Publications of Alessandro Bertuzzi

This page shows all publications that appeared in the IASI annual research reports. Authors currently affiliated with the Institute are always listed with the full name.

You can browse through them using either the links of the following line or those associated with author names.

Show all publications of the year  2011, with author Bertuzzi A., in the category IASI Research Reports (or show them all):


IASI Research Report n. 11-09  (Next)  

Pasquale Palumbo, Ditlevsen S., Bertuzzi A., De Gaetano A.

MATHEMATICAL MODELING OF THE GLUCOSE-INSULIN SYSTEM: A REVIEW PAPER

ABSTRACT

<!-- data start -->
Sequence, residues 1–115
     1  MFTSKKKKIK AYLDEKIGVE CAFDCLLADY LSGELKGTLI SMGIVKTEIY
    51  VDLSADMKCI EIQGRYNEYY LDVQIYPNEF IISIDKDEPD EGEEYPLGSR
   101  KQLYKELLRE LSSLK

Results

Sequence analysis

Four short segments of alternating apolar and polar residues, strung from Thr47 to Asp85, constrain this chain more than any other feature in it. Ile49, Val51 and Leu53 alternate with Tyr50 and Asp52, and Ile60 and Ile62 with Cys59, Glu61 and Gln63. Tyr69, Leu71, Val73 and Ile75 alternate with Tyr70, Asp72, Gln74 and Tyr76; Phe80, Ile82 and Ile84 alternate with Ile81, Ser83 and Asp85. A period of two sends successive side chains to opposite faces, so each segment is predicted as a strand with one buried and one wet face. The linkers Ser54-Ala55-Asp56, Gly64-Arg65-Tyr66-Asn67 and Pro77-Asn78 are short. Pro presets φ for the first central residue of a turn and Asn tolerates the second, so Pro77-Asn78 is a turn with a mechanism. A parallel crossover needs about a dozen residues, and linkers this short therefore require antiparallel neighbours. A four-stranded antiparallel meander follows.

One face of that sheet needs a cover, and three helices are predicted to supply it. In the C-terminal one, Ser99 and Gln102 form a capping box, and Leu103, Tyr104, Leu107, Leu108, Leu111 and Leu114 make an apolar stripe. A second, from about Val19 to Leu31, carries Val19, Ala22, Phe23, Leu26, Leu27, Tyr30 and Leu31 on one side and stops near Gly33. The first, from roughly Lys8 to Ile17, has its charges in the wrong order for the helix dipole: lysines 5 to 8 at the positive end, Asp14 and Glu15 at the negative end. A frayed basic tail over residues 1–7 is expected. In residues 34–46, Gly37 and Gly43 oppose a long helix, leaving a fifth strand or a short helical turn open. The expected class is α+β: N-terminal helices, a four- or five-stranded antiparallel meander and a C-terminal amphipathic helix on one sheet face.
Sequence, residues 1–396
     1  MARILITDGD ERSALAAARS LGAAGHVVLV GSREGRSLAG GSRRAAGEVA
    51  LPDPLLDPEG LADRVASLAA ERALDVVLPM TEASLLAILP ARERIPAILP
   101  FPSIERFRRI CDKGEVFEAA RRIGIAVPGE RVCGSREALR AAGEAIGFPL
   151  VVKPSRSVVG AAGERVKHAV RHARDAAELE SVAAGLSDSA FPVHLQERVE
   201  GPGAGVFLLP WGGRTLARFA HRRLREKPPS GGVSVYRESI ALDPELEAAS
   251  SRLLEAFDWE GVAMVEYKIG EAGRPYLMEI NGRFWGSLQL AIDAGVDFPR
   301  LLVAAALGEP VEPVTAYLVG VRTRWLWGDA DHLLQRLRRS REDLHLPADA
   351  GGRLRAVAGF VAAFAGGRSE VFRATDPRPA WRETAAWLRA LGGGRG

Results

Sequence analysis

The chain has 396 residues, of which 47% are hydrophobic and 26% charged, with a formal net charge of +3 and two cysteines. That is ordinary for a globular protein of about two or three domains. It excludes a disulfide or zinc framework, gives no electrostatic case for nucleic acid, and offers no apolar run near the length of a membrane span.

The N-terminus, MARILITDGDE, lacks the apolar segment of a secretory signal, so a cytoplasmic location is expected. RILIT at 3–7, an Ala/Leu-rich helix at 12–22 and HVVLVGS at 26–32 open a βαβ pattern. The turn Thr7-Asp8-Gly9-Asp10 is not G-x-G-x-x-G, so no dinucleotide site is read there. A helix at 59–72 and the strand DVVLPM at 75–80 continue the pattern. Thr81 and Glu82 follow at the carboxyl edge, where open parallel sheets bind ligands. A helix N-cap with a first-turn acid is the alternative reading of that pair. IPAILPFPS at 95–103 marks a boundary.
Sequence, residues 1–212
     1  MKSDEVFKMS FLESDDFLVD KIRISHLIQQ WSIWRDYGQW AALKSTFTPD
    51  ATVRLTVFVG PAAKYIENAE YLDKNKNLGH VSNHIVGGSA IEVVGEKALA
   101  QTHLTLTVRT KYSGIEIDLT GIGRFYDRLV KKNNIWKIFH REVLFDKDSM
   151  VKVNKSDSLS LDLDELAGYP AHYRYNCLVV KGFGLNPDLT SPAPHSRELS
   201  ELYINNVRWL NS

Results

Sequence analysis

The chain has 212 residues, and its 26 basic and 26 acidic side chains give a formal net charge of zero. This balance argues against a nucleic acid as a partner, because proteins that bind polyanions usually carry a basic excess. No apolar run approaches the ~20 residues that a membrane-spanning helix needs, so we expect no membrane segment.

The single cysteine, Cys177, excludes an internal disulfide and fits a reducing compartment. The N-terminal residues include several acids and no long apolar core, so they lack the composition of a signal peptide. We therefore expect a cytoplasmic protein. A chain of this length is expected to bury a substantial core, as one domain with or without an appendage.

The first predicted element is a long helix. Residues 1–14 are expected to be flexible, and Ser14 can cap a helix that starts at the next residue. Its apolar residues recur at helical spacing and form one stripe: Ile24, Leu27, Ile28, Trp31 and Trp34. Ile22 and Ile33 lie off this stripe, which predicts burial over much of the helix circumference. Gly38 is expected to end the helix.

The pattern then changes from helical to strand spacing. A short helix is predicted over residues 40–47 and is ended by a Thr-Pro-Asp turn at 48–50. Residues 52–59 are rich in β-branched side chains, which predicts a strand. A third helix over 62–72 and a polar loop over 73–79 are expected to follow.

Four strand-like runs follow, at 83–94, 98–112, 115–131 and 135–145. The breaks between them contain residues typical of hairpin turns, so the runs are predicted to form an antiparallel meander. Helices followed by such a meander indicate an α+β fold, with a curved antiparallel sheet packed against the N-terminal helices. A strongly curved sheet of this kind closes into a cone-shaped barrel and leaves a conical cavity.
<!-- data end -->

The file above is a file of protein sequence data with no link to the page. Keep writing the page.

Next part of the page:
The glucose-insulin system o ers one of the clearest and simplest examples of homeostatic control in the organism. The level of glucose in blood needs to be kept within a narrow range. Since it represents the main metabolic substrate, or energy source, for brain tissue, abnormally low glucose concentrations give rise to anxiety, tremors, aggressiveness, obfuscation, coma and eventually death. On the other hand, excessive plasma glucose concentrations produce microvascular damages (notably in the retina and kidney) and neural damages, leading among others to blindness and chronic renal insuciency. The way the body controls glycemia seems deceptively simple. Essentially a single hormone (insulin) is secreted by the -cells of the pancreas in response to rising glucose concentrations (hyperglycemia). Insulin e ects include increasing peripheral tissue glucose uptake (mainly by the muscle and fat tissues) and decreasing spontaneous glucose output by the liver. When insulin secretion by the pancreas is insucient or absent, the clinical picture of Type 1 Diabetes Mellitus (T1DM) results; when insulin is secreted in normal, or supranormal amounts, but it is ine ective in lowering glycemia to normal levels, Type 2 Diabetes Mellitus (T2DM) is said to be present. A number of hormones contribute to rescuing the organism from hypoglycemia (adrenalin, glucagon, growth hormone, cortisol): however, since in clinical practice the situation of interest is normally inappropriately high glycemia, concentrating attention on the response to hyperglycemia by insulin seems justi ed, at least as a rst modeling approach. We may therefore consider, as a rst approximation, a simpli ed system in which a single metabolite (glucose) is controlled by a single hormone (insulin). This system will have to maintain glycemia in the absence of food intake, and will have to suppress hyperglycemia rapidly after meals, without incurring in dangerous hypoglycemias. We see therefore that the glucose-insulin system could be viewed, at least approximately, as a feedback control with a controller (the pancreas) and multiple e ectors (muscle, liver, fat tissue), but where the only state variables of interest are glycemia and insulinemia. The present review has the goal of situating the biomedical problem of the glucose-insulin homeostasis from a physiological and clinical viewpoint, then describing the main combined experimental-modeling tools which are currently employed in investigating the behavior of the control system in individuals or populations.
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